I believe that the next 20 years of bio-medical engineering research will cause medicine to advance more that all medical history previously combined. And, as part of that journey, within the 30 years after that (i.e. 21-50 years from now), I believe in the potential of that science to not only allow humans to effectively become immortal (if you assume that periodic replacement of faulty parts are replaced, until our very being finally gives up due to boredom), but also to augment ourselves in many new and innovative ways. For example, using purely biological means, enabling our eyes to view a much broader spectrum of the electromagnetic spectrum, at orders of magnitude higher than today, with "built-in" zoom.

Yes, it sounds fantastical, but that's in part to the opportunities that lie ahead in such a new and exciting field, and why I'd choose to drop everything an enter "...if you were guaranteed to be financially secure and could choose to do anything you wanted to do - with no worries over money."

-- Gunter

Sunday, January 15, 2017

Allowing Vendors VPN access during Product Evaluation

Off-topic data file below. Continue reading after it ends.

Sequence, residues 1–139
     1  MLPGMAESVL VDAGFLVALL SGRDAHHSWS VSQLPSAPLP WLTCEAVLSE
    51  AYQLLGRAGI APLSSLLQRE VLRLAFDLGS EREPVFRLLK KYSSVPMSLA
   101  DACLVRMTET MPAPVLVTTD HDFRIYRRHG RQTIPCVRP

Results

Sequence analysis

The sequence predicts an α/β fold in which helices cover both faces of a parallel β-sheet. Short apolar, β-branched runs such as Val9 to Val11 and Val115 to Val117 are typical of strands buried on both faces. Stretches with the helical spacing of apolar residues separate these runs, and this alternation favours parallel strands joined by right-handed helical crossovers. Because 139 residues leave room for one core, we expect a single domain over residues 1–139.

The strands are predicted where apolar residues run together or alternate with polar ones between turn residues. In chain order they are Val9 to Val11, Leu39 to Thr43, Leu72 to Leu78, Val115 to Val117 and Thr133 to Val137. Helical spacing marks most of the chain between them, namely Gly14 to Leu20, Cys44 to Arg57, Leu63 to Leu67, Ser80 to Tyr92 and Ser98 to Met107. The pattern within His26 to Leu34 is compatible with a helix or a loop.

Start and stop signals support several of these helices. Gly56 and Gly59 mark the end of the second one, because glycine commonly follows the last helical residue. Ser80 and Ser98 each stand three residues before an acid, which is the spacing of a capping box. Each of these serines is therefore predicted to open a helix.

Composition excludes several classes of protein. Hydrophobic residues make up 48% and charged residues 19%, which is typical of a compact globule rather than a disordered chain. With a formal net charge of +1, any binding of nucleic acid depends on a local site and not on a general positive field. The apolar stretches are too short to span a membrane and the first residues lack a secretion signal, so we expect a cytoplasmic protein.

For many prospective buyers of the latest generation of network threat detection technologies it may appear ironic that these AI-driven learning systems require so much manual tuning and external monitoring by vendors during a technical “proof of concept” (PoC) evaluation.

Practically all vendors of the latest breed of network-based threat detection technology require varying levels of network accessibility to the appliances or virtual installations of their product within a prospect’s (and future customers) network. Typical types of remote access include:

  • Core software updates (typically a pushed out-to-in update)
  • Detection model and signature updates (typically a scheduled in-to-out download process)
  • Threat intelligence and labeled data extraction (typically an ad hoc per-detection in-to-out connection)